The effect of different sampling designs and methods on the estimation of secondary production: A simulation
Limnol. Oceanogr. Methods 4:38-48 (2006) | DOI: 10.4319/lom.2006.4.38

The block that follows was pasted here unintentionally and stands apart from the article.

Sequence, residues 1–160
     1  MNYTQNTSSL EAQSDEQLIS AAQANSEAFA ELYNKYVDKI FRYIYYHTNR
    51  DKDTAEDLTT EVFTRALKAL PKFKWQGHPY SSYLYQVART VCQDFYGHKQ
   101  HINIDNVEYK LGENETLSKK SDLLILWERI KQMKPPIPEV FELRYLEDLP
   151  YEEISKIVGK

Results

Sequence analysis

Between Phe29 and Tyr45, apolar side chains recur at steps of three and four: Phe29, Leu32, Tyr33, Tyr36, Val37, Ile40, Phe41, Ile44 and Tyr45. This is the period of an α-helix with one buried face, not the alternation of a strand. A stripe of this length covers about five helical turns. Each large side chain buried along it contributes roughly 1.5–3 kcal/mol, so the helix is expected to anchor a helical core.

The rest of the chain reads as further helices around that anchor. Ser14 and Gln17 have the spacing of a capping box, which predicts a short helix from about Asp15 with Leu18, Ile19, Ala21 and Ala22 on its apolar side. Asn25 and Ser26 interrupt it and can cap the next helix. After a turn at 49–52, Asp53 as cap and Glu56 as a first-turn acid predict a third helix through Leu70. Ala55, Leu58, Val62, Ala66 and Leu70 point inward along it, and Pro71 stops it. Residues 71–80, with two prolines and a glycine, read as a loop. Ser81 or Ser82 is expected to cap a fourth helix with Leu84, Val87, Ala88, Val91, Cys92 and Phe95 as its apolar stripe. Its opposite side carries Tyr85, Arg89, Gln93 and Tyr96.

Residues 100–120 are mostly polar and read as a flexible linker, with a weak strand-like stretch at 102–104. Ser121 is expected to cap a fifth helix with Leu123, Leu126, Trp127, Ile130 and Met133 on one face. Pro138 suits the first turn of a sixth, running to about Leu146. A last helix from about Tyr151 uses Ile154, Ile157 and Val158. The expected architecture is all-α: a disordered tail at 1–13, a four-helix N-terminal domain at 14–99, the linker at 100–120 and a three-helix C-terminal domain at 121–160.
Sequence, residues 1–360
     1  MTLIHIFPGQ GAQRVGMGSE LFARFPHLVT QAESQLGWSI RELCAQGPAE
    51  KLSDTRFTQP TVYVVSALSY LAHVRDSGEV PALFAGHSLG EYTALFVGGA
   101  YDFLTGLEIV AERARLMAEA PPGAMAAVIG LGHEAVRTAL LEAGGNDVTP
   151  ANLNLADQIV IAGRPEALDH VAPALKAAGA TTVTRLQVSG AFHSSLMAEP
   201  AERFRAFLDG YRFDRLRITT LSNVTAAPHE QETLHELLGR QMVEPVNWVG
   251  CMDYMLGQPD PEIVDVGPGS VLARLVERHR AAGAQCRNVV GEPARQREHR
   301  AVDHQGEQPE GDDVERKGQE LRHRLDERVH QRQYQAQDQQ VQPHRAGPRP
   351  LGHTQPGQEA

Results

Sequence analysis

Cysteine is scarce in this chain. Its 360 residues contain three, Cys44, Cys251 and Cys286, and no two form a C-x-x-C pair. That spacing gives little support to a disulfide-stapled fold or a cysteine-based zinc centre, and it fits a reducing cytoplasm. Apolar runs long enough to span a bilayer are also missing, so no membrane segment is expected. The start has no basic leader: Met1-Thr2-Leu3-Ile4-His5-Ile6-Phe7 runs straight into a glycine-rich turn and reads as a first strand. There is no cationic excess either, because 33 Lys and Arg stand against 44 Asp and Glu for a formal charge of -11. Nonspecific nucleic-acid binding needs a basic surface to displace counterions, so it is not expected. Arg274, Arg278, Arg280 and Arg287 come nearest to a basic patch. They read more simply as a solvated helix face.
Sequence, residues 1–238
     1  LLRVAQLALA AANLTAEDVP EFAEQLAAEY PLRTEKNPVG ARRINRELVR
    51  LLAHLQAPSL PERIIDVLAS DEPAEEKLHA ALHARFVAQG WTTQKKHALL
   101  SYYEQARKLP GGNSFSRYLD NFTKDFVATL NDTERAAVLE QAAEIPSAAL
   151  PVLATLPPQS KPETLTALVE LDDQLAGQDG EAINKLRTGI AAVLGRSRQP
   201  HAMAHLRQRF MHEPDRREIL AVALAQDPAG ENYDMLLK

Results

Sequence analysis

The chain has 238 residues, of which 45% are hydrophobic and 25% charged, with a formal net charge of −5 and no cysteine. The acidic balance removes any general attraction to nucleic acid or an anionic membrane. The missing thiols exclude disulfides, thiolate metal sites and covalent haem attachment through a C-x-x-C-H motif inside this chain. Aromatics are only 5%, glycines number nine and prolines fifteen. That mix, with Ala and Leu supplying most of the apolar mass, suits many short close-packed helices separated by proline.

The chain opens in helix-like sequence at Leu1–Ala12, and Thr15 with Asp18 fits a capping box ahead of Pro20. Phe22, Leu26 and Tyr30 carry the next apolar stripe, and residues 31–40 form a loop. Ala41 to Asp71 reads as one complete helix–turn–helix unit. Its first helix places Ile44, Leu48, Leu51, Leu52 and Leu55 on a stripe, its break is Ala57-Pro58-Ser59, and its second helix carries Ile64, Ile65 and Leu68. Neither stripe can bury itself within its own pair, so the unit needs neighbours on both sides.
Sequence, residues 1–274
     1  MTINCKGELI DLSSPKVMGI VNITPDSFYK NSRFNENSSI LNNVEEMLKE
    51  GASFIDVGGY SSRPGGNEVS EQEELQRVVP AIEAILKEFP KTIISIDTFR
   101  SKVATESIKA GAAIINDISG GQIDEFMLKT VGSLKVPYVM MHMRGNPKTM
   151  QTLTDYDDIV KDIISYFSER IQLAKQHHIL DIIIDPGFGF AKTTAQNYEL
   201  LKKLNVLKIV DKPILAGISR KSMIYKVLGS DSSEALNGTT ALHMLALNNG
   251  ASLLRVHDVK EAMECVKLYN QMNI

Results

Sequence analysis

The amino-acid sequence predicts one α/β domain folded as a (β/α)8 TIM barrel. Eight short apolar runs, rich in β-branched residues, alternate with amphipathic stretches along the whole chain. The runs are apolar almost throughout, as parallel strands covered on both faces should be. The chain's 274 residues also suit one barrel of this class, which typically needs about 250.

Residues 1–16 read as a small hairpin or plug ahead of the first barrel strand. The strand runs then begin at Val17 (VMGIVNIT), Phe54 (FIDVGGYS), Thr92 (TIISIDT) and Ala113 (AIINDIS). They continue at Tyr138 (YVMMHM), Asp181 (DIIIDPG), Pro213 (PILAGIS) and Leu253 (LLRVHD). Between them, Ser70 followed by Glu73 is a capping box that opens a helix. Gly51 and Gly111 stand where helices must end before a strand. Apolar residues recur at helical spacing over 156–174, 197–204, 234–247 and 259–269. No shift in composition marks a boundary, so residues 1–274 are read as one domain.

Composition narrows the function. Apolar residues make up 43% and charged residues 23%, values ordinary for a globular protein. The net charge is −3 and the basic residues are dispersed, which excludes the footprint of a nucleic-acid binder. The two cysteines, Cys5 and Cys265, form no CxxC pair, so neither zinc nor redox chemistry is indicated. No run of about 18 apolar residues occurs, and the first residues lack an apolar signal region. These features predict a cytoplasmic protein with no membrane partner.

ABSTRACT: This article reports the results of a simulation study designed to investigate the effect of several sampling design factors on the accuracy and precision of various estimates of secondary production. Whereas most previous studies of this sort were concerned with freshwater fauna (e.g., insects), the hypothetical population used here reflects the characteristics of marine mussels from cold-temperate and subarctic regions. It features the simultaneous presence of different cohorts, gradual recruit arrival, seasonal growth oscillation, and quadrat-dependent population density, as well as random individual variation both in survival and in weight gain. For this population, the percentage relative bias (PRB) and relative root mean squared error (RRMSE) of 4 classic cohort-based methods, 3 size-based methods, and several variants thereof were computed as a function of sampling frequency, distribution of sampling dates, number of quadrats sampled per occasion, inclusion or omission of the last sampling date, and coarseness of the size classes and sieve aperture. Although most methods performed reasonably well, non-negligible differences were observed among them. A version of Allens curve technique and a mass-specific growth rate method gave the best results for cohort- and size-based method groups, respectively. Sampling effort, in terms of both frequency of sampling and number of samples per date, had the largest documented influence on both PRB and RRMSE. Recommendations are made for the best compromises between methods and sampling designs to achieve reliable production estimates for populations with similar characteristics.